Working in teams has its benefits
However, team work is not always the best thing for organisations
Teams exist within an organisational context; and processes, regulations and infrastructure support team work and encourage it. The presence of certain factors or elements lays the foundation for effective team work. The following factors will have a direct bearing on the outcome of a team effort:
Rigid hierarchy: All organisations have hierarchical structures, only the degree of their flexibility differs. A flexible structure encourages delegation, open communication, participation in decision-making, and ensures that both individuals and teams have some leeway in what they do. A rigid structure would mean centralised decision-making, limited autonomy and strictly streamlined communication. A rigid structure limits the functioning of a team outside of it. Though a team is effective 'internally', its operations in the larger context will be difficult. For instance, if a team needs access to certain information, the management's rigidity will limit information sharing; thus hampering team functioning. Investment in team-building will be futile if the hierarchical structure prevents managements from being generous with permits, approvals and allotments.
Independence: There are individuals who thrive in teams; and for those whose success depends on their level of isolation, the less the interaction at work the better their performance will be. When an organisation is flushed with such individuals, then a largely team-based approach will be counterproductive. As one executive says, "Not everyone wants to be a team member. What this means is that an attempt to force them into a team structure imposed upon them will affect their performance and morale."
Nature of tasks: Some tasks require team work and some can be done by individuals with little intervention from others. Some call for both. If the prevalence of 'individual' tasks is high, forcing individuals into teams is a wasted effort. Furthermore, expecting individuals to function as a team when their jobs are linked remotely will affect individual performance. But how do organisations decide whether a task requires team work or not? Tasks do not need team work when they:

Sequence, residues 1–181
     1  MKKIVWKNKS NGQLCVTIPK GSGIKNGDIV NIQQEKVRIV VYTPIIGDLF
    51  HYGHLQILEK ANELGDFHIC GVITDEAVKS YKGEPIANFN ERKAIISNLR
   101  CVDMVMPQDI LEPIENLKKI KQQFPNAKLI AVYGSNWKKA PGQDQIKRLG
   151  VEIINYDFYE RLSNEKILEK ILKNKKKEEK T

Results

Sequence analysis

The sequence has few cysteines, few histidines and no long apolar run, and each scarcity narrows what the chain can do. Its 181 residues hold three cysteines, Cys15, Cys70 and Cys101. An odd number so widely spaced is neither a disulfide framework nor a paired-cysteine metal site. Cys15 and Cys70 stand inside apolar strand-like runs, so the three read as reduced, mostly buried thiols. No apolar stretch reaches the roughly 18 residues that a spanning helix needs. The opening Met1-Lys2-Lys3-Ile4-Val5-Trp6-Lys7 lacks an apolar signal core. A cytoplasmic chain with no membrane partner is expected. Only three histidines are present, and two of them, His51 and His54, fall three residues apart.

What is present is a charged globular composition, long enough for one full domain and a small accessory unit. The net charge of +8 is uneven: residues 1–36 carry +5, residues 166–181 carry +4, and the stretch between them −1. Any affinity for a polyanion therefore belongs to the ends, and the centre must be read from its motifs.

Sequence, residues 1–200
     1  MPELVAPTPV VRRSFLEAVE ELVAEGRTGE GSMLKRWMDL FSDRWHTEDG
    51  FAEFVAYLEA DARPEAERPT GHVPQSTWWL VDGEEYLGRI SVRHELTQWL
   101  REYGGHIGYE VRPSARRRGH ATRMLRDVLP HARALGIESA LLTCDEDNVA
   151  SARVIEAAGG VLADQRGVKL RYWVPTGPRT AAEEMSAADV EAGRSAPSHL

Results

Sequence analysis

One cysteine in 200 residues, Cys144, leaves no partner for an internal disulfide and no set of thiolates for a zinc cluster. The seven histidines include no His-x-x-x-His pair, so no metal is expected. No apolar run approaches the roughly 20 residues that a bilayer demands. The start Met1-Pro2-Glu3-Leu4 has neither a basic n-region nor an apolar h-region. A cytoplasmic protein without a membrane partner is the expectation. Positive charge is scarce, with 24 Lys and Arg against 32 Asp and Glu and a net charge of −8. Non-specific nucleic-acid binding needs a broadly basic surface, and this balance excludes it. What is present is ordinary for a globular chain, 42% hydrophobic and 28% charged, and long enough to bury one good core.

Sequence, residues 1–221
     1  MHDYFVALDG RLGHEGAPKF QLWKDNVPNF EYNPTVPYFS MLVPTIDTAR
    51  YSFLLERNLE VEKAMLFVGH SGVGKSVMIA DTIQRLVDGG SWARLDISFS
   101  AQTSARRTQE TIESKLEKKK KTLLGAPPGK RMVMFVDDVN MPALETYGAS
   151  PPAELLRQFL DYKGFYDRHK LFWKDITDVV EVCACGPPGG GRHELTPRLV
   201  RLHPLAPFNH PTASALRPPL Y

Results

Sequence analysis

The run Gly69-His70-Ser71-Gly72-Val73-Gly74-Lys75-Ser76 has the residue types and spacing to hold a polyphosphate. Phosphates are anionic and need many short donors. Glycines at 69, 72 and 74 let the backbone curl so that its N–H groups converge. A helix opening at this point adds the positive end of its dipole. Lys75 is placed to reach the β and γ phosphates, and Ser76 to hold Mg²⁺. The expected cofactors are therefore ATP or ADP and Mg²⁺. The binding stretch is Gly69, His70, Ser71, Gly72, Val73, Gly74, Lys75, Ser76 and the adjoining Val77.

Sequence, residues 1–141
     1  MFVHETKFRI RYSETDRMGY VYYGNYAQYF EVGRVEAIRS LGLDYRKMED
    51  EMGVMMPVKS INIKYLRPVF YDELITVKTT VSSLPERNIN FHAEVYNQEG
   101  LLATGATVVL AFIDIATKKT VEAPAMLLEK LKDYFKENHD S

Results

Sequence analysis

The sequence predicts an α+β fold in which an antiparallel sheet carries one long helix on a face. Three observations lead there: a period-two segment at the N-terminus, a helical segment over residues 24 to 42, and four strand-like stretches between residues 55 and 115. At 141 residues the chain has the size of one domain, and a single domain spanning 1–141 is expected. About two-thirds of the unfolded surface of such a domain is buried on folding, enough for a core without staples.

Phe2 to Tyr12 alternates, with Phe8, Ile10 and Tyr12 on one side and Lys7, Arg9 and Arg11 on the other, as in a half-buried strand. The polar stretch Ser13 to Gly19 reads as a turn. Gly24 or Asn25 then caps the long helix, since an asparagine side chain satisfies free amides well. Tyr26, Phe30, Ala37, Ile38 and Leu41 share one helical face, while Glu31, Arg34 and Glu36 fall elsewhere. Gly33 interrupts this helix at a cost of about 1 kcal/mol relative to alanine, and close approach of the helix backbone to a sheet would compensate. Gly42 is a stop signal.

- Require little communication or interaction with others
- Are simple and repetitive-an old style assembly line for instance, where a set of simple yet discrete tasks can be performed by an individual
- When information needed for task completion is available with the individual himself
Autocratic leadership: When autocratic leaders like an idea, they insist on implementing it without analysing implications at different levels of the organisation. So when such leaders are 'convinced' about the need for team work, they will make it mandatory for employees to form and work in teams. This imposition of team work will have adverse consequences. Such teams do not perform as successfully as participative teams. Use of autocratic power to create teams results in:
- Mistrust in the management as information sharing will be limited
- Frustrated team members
- Difficulty in maintaining harmony even when performing simple, repetitive tasks
Stability factor: As dynamic as businesses are, stability is the quality that keeps organisations going. This stability results from streamlined procedures and a good corporate culture. In the absence of either, even a small change in the business environment will provoke a major overhaul within the organisation. Organisations which are shaken constantly by what happens in the market cannot support effective team functioning.
Teams need an ideal environment to perform ideally. When the requisite conditions are absent, asking individuals to form and work in teams will be a bad idea.